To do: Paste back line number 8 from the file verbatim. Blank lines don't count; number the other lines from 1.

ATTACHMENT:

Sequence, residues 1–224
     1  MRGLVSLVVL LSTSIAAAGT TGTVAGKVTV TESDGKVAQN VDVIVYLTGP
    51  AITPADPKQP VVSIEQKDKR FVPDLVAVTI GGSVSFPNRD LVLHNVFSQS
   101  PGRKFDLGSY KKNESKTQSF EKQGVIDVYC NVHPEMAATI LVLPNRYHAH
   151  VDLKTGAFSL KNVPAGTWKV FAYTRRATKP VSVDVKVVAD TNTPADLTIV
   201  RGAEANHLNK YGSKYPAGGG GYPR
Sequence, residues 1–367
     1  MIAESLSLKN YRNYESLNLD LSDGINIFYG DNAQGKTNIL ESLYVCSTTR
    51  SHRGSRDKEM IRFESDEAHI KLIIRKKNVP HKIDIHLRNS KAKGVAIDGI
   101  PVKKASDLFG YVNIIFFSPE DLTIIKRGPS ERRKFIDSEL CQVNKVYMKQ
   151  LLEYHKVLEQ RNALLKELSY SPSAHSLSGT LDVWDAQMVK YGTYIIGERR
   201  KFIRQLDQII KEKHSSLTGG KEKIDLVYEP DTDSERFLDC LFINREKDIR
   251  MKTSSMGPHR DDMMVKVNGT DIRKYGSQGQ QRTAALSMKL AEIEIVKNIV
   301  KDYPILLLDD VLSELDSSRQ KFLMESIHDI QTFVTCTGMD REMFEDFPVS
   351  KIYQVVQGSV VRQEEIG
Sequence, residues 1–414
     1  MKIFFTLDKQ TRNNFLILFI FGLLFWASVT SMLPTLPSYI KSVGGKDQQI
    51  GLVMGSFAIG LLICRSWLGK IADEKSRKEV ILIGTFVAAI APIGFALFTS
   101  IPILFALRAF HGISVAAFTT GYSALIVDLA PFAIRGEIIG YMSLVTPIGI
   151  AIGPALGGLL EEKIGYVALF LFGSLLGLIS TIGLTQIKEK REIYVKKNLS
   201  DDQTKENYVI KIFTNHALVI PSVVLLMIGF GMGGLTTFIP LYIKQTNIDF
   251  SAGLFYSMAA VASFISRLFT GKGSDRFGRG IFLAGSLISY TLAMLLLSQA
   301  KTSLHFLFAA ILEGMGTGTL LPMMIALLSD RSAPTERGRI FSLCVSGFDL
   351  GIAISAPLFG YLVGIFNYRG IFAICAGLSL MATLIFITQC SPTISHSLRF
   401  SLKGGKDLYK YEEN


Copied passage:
     1  MIAESLSLKN YRNYESLNLD LSDGINIFYG DNAQGKTNIL ESLYVCSTTR